Life was pretty much falling into place for me. It was one year to the day from when I was running after the bus, before I made my life changing call to my mom, when I got another life changing call.

“Hello?” I said, when my phone rang unexpectedly when Michael and I were out to lunch.

“Is this Bethany?” A voice I didn’t recognize said.

“Yes, yes, it is.” I replied.

“I’m sorry to be the one to tell you this, but there has been an accident.” My heart dropped.

“What do you mean? What kind of accident?” I asked.

“Your mother, June?” The voice said this as though it was a question although it clearly was not. “She has had a heart attack. She didn’t make it. I am so very sorry dear.” I went quiet for a long time. I know I hung up the phone, but I don’t recall if I even thanked the woman on the phone.

Michael looked at me and immediately knew something was wrong. “Where do we need to be, babe?” He said.

“Home.” I said.

Michael took me home and we made all the arrangements. The funeral was held a few days later. I went to it still shell shocked. Michael was a saint through it all.

The next day, I got a call from mother’s lawyer, apparently, she left me something in her will. We made an appointment to meet the next day.

The lawyer went through the usual steps, mother left me her house, and most of her things, but what caught my attention was the letter the lawyer pulled out of his desk for me. It was written in my mother’s handwriting.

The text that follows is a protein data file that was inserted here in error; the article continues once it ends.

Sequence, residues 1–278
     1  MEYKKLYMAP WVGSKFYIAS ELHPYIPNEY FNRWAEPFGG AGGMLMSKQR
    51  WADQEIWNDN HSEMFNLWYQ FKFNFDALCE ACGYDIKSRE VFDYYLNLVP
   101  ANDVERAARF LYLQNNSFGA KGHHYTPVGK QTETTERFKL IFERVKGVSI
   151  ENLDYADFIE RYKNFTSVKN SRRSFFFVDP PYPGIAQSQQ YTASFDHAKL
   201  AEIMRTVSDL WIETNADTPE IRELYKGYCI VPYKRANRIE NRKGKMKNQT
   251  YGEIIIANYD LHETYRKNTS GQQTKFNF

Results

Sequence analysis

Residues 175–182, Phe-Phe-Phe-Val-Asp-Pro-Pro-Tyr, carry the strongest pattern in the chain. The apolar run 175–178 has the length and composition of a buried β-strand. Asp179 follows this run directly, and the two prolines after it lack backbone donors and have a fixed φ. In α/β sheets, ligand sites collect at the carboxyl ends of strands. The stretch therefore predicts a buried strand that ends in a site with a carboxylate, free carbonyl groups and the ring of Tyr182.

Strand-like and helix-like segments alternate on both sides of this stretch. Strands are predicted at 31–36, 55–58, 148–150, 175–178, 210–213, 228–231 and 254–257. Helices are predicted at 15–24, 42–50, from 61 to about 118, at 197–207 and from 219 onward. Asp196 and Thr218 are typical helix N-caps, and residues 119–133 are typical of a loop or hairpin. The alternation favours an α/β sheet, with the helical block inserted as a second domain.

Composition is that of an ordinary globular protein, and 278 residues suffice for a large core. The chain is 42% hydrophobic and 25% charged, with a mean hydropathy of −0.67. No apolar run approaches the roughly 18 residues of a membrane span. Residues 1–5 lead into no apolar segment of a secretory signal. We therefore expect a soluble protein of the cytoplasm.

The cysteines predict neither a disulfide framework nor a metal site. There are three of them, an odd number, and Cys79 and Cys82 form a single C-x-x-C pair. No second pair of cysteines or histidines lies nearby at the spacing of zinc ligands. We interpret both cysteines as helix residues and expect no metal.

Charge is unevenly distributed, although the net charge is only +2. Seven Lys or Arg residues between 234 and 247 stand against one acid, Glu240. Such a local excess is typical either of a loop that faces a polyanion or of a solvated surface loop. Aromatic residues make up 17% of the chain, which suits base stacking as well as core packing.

I was surprised at the weight of the letter, it was much more than just one or two pages. I opened the letter and began to read.

“Dear Bethany,” It began. “I cannot tell you how much pleasure you have brought to my life especially in the last year as you began working for me. It is a joy to see you so happy and living the dream you always wanted. I have some things for you that I have carried with me for the past 20 years – they were an inspiration to me and I hope they will be for you as well. Please read these and remember. I love you always, your mother”

The next pages were quite old, if mother had been hanging onto them for 20 years that would explain why. I looked at the first page. It was the first story I had ever written. The subsequent pages were similar stories, all stories that I had written. I read them all. The final story, was the short story I had published that had caused me so much grief. I made myself read it. As an adult I could see the reasons this story would have gotten poor reviews, however, my child self still didn’t understand. I read them all over and over, three times in all.  Tears streamed down my face.

When I walked out of the lawyer’s office that day, Michael greeted me from the waiting room. “Is everything okay?” He asked.

“Everything is fine,” I said, “but, we have to go to the store.”

“Now?” Michael said.

“Now.” I said adamantly. “I need a new notebook.”